Mitt Romney caught a break on Friday and immediately turned it into a TV ad airing on the final weekend of the campaign:
It was an unseemly utterance by President Obama, which Romney wisely contrasted with an optimistic, patriotic appeal. Alone the president’s bitter remark and Romney’s retort would not have made such an impression, but this exchange of dueling messages has been going on for some time now.
Obama, having lost (or tossed aside) an appeal to independent voters, has been trying to whip up his base with a string of hot-button references and insults (e.g., Big Bird, “binders full of women,” “Romnesia”). The more he resorts to such gambits, the more Romney delights in appearing presidential, positive and inclusive. He made this pitch again in his Saturday podcast, exhorting voters: “Look, I know we face big challenges, and we don’t need more catchphrases or word games. We don’t need more of the same petty partisan attacks. We need a leader, a leader with a real plan that will deliver real results. My opponents have spent much of this campaign talking about small things. But the challenges we face are real and they are big.”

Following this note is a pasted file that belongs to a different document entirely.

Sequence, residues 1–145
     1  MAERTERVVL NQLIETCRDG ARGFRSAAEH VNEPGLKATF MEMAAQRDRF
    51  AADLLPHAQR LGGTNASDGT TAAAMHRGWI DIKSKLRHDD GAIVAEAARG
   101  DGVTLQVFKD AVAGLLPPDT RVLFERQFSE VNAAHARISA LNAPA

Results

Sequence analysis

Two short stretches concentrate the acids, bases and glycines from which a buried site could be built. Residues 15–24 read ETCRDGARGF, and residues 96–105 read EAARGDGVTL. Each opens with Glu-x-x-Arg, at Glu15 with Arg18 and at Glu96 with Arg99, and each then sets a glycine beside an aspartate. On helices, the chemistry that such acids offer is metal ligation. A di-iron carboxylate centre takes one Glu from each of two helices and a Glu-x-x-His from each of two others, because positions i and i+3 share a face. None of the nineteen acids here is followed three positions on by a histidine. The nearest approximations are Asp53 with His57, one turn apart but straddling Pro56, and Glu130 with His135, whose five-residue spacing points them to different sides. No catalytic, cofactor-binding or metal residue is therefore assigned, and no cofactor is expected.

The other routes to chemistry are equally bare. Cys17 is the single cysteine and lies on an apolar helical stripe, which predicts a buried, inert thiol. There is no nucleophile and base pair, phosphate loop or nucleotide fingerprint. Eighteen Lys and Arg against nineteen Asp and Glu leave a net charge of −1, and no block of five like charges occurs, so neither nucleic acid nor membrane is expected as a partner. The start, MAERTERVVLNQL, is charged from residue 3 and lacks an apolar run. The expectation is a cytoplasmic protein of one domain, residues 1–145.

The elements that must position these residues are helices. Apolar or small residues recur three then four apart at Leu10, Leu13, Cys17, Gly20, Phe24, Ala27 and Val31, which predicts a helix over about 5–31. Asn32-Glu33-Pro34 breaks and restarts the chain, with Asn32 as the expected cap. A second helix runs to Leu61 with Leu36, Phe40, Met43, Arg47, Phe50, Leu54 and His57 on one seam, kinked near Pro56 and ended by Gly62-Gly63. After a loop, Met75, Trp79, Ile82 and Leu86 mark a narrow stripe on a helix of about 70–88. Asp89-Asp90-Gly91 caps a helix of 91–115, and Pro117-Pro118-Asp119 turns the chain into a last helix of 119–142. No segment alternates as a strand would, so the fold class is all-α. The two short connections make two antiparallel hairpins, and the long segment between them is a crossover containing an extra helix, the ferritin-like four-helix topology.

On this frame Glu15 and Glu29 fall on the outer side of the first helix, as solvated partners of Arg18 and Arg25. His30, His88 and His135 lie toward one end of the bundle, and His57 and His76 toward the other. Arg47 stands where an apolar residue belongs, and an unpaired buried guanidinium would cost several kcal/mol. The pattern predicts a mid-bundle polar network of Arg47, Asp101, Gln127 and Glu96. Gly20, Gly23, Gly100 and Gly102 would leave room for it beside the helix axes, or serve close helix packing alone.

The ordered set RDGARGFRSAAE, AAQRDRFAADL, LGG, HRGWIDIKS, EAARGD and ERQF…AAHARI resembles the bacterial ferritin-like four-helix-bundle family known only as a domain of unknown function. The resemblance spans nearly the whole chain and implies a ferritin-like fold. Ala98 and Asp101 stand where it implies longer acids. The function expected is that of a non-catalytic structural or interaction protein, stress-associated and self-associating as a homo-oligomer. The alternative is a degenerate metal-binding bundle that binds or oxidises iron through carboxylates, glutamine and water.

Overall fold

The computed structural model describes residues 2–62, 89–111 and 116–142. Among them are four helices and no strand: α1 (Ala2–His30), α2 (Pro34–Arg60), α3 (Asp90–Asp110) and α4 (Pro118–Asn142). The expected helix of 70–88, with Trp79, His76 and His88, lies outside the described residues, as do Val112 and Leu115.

Whether you agree with Romney’s agenda, it is hard to quibble with that. The president has offered precious little on the great issues of our time (fiscal sanity, human rights, national security, entitlement reform). Yet his supporters insist that he’ll get to those topics in the next term. But if he didn’t accomplish any of this in the first, has made no effort to lay the groundwork for an agenda and instead has deepened the partisan divide, how is he to accomplish this? It is only by convincing themselves that Romney is a fool or mean-spirited that they can insist the do-nothing, say-nothing president is preferable.
It is far from clear that there are many persuadable voters, although every election the exit polls tell us a sizable chunk of voters made their choice on Election Day. (In 2008 that number was 4 percent, with another 3 percent in the final three days.) So there are still some votes to be had.
However, if the latest exchange (“Revenge vs. Love” sounds more like a Harlequin romance than an election standoff) has any impact, it may well be on all-important turnout. Republicans, many of whom distrusted and disliked Romney when the primary began, have come to respect and embrace their nominee, in part because there are glimpses now and then of their idealized memories of Ronald Reagan. The appeal to the better angels of our nature, the more-in-sorrow-than-in-anger countenance and the fiery defense of free-market capitalism resonate with these voters as those qualities struck a chord with voters in 1980. Conservatives are often portrayed as dour and negative (“the party of ‘No’ ”); when presented with a candidate who is running against a dour, negative and petty opponent, they can rejoice. Romney hopes that translates into a robust turnout on Tuesday. At least he can say that they have someone to turn out for.